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Vaping, Teens & Pregnancy | Overview

What is vaping?

Vaping is the act of inhaling the aerosol from an e-cigarette. E-cigarettes are electronic devices that deliver nicotine and other chemicals directly to the lungs. They can be refillable or disposable.

They are also known as:

  • electronic nicotine delivery systems (ENDS)
  • e-devices
  • e-pens
  • e-hookahs
  • vape pipes
  • vape pens
  • dab pens
  • dab rigs
  • juice
  • JUULs
  • mods
  • pod-mods
  • cigalikes

What is in the vaping aerosol?

The aerosol that is inhaled from the e-cigarette is not water vapor. In fact, the "vapor" contains cancer-causing chemicals, heavy metals, nicotine, volatile organic compounds (VOCs), ultrafine particles, and flavorings known to cause lung damage.

Watch: A vaping demonstration video

Aerosol inhaled from an e-cigarette is not only water vapor. It contains chemicals that are dangerous to health. This short video shows the difference between e-cigarette aerosol and the water vapor produced in a shower using a common air quality meter.

E-cigarette aerosol is not water vapor

Additional truths about vaping

  1. Higher nicotine absorption: E-cigarettes are made to get more nicotine into the bloodstream, with less irritation, than regular cigarettes.
  2. Labeling problems: Some products labeled as 0% nicotine actually had nicotine in them when tested in a lab.
  3. Poisoning: Adults and children can be poisoned by vape juice by swallowing, breathing, or absorbing the liquid through skin and eyes. If you have concerns, call the Poison Help Hotline at 800-222-1222.
  4. COVID-19: People who vape have a higher risk of getting COVID-19 than those who do not use e-cigarettes.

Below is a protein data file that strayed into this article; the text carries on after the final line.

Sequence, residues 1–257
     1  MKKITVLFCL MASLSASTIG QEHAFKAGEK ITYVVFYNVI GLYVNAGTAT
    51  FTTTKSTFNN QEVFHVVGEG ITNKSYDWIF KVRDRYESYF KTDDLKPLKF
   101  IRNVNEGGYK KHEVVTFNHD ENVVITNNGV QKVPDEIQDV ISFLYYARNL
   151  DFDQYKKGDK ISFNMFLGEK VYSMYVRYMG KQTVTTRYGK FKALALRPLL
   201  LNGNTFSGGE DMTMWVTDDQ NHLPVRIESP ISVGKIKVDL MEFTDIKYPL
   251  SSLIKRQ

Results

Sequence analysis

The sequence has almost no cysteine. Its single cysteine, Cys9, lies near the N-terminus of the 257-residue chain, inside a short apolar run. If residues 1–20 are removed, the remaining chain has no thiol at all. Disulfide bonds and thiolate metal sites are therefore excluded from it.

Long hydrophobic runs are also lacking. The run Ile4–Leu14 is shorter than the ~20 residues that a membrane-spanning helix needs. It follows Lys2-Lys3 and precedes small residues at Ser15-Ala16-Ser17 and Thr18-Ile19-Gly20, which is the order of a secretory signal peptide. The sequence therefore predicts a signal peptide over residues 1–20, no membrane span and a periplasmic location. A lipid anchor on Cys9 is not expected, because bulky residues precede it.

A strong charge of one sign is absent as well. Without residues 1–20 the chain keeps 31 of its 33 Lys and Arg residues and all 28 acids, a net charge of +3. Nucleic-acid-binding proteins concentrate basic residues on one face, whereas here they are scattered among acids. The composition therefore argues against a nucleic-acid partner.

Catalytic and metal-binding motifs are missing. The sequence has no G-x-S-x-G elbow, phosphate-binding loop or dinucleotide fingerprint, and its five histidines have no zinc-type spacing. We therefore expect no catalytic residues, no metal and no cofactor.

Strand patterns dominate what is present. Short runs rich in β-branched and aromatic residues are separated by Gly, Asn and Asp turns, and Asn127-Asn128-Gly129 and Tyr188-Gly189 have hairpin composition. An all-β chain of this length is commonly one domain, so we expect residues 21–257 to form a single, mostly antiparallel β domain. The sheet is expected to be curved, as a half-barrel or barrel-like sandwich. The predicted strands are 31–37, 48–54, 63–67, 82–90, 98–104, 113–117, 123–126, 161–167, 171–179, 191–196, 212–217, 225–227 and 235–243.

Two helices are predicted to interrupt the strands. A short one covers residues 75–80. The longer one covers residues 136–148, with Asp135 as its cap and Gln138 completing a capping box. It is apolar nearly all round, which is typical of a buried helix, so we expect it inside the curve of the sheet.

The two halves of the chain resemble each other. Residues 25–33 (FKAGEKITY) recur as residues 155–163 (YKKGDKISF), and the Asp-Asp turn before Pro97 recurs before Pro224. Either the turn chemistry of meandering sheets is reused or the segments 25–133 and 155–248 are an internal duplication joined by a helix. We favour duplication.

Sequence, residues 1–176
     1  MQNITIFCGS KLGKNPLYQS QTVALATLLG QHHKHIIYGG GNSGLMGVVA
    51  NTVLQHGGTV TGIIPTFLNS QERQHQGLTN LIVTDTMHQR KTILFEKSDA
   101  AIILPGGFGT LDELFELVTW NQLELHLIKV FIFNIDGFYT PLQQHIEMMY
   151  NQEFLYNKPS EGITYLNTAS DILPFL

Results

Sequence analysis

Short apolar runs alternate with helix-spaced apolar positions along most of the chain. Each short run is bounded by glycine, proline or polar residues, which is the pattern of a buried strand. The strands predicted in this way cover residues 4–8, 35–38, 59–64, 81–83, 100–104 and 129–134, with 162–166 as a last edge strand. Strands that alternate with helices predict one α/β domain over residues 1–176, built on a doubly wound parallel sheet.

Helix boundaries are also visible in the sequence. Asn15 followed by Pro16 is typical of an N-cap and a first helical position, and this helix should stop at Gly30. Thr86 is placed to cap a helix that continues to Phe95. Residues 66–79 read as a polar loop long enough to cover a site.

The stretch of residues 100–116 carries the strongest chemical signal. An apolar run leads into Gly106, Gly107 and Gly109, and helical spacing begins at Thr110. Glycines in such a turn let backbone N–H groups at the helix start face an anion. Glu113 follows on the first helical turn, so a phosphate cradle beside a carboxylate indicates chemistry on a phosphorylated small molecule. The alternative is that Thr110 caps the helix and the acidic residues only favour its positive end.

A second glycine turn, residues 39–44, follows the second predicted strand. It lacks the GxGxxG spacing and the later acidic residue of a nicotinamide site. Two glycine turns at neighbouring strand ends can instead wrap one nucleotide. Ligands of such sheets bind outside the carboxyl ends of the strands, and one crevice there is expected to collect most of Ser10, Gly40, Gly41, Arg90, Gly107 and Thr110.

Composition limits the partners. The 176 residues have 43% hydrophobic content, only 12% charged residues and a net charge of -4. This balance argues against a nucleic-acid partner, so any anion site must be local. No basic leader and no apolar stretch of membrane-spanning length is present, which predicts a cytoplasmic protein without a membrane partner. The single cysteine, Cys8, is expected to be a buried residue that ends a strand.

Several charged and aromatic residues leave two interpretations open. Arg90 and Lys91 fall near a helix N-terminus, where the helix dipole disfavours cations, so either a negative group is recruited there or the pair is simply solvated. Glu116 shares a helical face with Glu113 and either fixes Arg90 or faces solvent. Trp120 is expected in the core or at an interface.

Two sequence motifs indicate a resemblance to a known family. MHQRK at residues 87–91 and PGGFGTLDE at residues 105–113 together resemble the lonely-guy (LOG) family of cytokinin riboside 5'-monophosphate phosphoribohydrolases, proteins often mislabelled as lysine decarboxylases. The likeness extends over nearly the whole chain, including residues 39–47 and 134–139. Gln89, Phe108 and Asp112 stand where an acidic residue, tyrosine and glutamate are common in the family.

If you have concerns or if someone has ingested nicotine, especially a child, call the Poison Help hotline immediately at 1-800-222-1222.

Vaping and teens

How are teens affected by vaping?

Nicotine use by teens can lead to problems with attention and learning, mood disorders, impulse control, and addiction. Human brains are not fully developed until age 25. When children and teens vape:

  • they can become dependent on nicotine very quickly, even from a one-time use
  • the dependence can be longer and stronger than for an adult.

Your teen may show signs of nicotine withdrawal when they can’t use their vape. These are some the symptoms of withdrawal:

  • cravings to vape
  • anxiety
  • tingling
  • nausea
  • cramps
  • weight gain
  • insomnia
  • mood disorders
  • depression

Could your teen be vaping?

The Surgeon General reported that vaping by high school students increased 900 percent from 2011 to 2015, bypassing all other tobacco products. In 2019, more than one in every four middle and high students reported vaping at least once. 

Teens and vaping

Vaping and pregnancy

What are the potential effects on a baby?

Early data shows the following, but more studies are still needed.

  • reduced learning ability
  • small birth size
  • low birth weight